The ‘problem’ with such a setup is the thing would have to run all the time. Switch the heated air flow to vents when on the ground. As a bonus, hangars would need no other heat source in winter, and the airflow could be routed through a turbine to spin a generator for powering air conditioning in summer. Any time the plane would be parked it could be generating electricity. Still earning money when parked, unlike fuel burning or battery powered aircraft.

  7. I love this idea, but I’m basically a mad scientist at heart.

    The nuclear technologies targeted at flying things within our atmosphere have had plenty of interesting development as well:

    The USA and USSR both had equally unsuccessful projects to build nuclear powered aircraft. Project Pluto and its extremely scary nuclear powered missile is probably a good benchmark for just how nuts you can get with nuclear technology.

    Very recently, the Russians actually announced that they’d built and tested a new nuclear-powered missile design:

  8. The concept of Orion seems kinda flawed — I think it would only work in the atmosphere (and not in space) since it relies on absorbing the shock wave from a nuclear detonation. But the shock wave we see in atmospheric detonations is the outrushing of air from the heat of the explosion. In space the nuke only creates huge amounts of heat and high-energy electromagnetic radiation. I suppose you could try to ride that, but it would be easier to ride something less energetic and more manageable. Having said that, the bomb casing would be vaporized and rush outwards — I suppose you could harvest some impetus from that, but not much in the scheme of things. Perhaps you could make really massive casings to be vaporized?

  9. Somehow during the era of Project Orion someone had the bright idea that it is not a good idea to design cheap and small atomic bombs and build them by the thousands. This has something to do with those terrorists which are still walking around here and there.

  10. All this radiophobia is making me gag. Potential “kills” from radiation exposures well below acute radiation sickness is based on the false linear no threshold radiation effects assumption. Get with the program. There is no evidence that low level radiation causes ill effects and it many cases can be beneficial, ie, Radiation hormesis. There is no future with plans based on ignorant effects both good and bad.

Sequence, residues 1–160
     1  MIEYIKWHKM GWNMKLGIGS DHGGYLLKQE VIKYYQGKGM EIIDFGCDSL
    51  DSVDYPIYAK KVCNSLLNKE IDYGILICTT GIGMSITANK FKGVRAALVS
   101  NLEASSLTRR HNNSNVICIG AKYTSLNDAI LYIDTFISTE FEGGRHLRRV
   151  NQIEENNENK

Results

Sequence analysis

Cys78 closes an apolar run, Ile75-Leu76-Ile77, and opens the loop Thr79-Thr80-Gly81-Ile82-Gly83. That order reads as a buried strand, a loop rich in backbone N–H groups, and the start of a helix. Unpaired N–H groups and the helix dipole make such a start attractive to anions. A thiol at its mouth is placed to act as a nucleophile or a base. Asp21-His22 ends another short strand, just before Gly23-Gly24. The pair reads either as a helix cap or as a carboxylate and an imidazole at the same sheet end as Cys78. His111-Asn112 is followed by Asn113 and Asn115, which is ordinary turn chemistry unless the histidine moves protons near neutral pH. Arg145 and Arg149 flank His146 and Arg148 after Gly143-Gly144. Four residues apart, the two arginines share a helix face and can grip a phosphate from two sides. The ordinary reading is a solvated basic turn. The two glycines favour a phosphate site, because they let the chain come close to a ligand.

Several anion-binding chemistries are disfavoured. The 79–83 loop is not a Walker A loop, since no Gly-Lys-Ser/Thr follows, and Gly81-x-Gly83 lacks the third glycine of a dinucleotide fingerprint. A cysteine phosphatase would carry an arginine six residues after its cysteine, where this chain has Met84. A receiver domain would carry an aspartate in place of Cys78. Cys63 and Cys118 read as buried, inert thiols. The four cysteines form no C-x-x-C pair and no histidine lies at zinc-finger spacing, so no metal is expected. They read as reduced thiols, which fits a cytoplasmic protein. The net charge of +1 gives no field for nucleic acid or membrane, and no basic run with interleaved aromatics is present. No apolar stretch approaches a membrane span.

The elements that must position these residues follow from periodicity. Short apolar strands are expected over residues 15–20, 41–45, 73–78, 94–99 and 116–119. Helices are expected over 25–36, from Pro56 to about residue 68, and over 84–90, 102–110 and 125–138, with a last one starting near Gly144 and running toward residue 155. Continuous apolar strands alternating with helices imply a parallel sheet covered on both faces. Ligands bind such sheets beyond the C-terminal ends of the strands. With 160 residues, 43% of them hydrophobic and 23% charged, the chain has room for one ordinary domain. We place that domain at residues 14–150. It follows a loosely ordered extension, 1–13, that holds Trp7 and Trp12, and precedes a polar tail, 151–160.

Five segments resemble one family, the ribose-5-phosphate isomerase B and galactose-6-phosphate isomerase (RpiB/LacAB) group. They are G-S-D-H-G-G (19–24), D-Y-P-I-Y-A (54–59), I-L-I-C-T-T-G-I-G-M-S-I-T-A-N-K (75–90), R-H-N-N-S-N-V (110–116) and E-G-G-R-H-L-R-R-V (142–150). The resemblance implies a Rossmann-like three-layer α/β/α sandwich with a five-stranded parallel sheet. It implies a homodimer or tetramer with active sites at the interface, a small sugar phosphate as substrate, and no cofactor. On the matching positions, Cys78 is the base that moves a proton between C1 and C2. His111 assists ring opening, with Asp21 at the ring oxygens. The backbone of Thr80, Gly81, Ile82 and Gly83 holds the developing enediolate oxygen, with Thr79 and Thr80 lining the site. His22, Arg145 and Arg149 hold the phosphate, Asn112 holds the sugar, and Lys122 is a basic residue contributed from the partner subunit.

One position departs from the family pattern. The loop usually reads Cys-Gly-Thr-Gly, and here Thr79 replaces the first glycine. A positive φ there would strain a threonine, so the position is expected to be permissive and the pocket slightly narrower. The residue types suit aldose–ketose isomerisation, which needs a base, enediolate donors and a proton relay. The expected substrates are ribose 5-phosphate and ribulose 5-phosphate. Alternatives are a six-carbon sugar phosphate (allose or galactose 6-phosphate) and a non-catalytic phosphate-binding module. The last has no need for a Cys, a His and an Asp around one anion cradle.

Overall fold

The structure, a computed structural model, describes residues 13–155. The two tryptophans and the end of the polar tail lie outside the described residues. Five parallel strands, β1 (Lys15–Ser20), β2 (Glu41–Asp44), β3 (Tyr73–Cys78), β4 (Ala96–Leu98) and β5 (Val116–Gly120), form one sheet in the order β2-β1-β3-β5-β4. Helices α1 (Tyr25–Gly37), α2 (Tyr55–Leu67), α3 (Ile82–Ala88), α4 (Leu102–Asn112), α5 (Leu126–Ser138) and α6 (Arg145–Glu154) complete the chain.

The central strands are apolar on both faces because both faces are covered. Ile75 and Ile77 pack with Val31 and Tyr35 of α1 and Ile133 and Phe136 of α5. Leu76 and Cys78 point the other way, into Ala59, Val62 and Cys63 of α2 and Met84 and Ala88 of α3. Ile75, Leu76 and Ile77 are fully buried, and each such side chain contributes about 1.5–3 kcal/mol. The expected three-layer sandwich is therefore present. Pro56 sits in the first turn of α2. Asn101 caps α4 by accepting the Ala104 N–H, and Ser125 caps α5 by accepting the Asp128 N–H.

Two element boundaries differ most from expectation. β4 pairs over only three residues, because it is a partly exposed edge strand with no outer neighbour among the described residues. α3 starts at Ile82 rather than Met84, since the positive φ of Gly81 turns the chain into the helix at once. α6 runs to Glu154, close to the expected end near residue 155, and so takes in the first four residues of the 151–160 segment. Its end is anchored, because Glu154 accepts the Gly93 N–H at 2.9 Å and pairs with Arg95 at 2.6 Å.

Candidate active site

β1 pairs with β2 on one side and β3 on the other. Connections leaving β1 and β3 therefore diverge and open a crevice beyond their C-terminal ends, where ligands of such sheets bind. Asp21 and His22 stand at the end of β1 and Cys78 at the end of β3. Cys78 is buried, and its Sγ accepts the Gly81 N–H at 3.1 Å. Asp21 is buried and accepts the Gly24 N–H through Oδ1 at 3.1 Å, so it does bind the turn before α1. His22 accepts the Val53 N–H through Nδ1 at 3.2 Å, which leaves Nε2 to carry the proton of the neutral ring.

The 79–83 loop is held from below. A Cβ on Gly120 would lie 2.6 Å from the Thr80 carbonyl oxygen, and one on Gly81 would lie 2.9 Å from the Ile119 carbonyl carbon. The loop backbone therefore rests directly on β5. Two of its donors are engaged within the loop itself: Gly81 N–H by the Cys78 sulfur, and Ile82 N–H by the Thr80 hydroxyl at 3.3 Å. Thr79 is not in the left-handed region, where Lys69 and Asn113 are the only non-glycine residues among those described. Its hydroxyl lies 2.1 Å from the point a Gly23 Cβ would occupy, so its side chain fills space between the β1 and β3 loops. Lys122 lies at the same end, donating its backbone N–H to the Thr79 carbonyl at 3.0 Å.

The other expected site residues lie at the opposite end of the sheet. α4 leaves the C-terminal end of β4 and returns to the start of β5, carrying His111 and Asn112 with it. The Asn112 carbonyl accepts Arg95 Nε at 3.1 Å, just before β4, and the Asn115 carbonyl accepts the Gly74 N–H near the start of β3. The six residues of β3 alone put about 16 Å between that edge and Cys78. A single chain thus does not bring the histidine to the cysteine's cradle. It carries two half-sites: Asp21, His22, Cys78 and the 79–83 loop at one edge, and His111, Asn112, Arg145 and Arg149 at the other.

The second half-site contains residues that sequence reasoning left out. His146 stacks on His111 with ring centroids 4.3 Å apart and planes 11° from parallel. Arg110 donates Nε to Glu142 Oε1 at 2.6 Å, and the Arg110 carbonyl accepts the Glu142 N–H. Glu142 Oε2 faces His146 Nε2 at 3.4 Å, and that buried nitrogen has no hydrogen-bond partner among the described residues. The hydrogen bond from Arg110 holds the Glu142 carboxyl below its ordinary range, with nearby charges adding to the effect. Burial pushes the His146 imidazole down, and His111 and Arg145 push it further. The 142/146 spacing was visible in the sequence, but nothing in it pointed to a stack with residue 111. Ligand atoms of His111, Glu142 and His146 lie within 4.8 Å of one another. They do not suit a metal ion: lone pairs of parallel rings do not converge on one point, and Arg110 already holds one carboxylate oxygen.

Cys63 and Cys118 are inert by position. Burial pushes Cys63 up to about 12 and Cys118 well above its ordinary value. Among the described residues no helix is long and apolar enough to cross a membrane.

11. this idea popped into my head over a decade ago,(i mean it was like this little movie that literally just popped into my head and started playing, whilst I was taking a walk in the country) and in my imagination of events, the initial occupants blasted off as Earth Asians but the Nuclear Propulsion evolved them into what I guess you could call: Asian Aliens.

  12. Another SciFi book series that uses some Orion drive ships is “Plague Wars” by David VanDyke. Large chunks of the Australian outback get nuked launching them. But better that than the human species getting mostly exterminated then the rest bred in captivity to be used as hosts for the aliens that “blend” with other species, wiping their minds in the process.

    After the Plague Wars series is the Stellar Conquest series. The first book of that one is pretty much a single space battle across a solar system. No FTL so things take a while.

  13. I always thought the The Rolling Stones referenced the technology in their song “2000 Light Years From Home” –
    “Sun turnin’ ’round with graceful motion
    We’re setting off with soft explosion
    Bound for a star with fiery oceans
    It’s so very lonely, you’re a hundred light years from home
    Freezing red deserts turn to dark
    Energy here in every part
    It’s so very lonely, you’re six hundred light years from home”

  14. Ranks up there with dimethylmercury or dimethylcadium for rocket fuel. Then again, there may be some method to make a more clean nuclear reaction with the correct amount of nucleogenesis materials to cause the products to be less radioactive.

    Wow… it’s as bad as having nuclear plants above ground or not underwater or on floatilla’s. I think all the nuclear power plants can be made into submarine modules to have more dampened “catacomb” storage areas to dampen the effects of natural and man made disasters. I need to advocate this submarine nuclear power plant module system idea more since seems to be way not dumb idea to implement more clean energy sources that can be distributed easier. I’ve never seen anyone else advocate the design either.

  15. Technically, there seems to be brain damaged systems leadership issues with not only propellants… I think like aircraft can be refined to have safer hover vectored based on trajectory emergency rocket assisted landings as well as steam or even electromagnetic launch and even landing enhancement to increase payload and decrease runway length… there is this I have no idea what the fubar is going on in making those improvements to rocket launches.

    I guess the re-landing a rocket is a smart goal to advance though not as high volume of an implement considering system life cycle and return on investment. Maybe I’m not seeing the dollar signs in regards to profit margin and tax payer guaranteed financing. Maybe there are patent issues or something with my noted take off and landing assist vision concepts.

  16. Eventual designs used 3+ Saturn-V launches (SpaceX BFR would work as well today) to lift sections of the ship and the propulsion units with bomb and propellant, to be loaded in orbit. Go ahead and boost is above the Van Allen belts if you think it needs it.
    The original Orion workers liked this, because the rapid split-second timing of the launch was difficult, while a .03kt bomb, every 20 seconds in space, is easy. And completely eliminates any concern for pollution.
    A cargo ship to Mars follows slow 9 month Hohmann trajectory, but some 85% of what’s assembles in LEO is payload.
    The crewed ship goes out when the 2 planets are physically closest, blasting straight out like a comet speed; 21 days to Mars.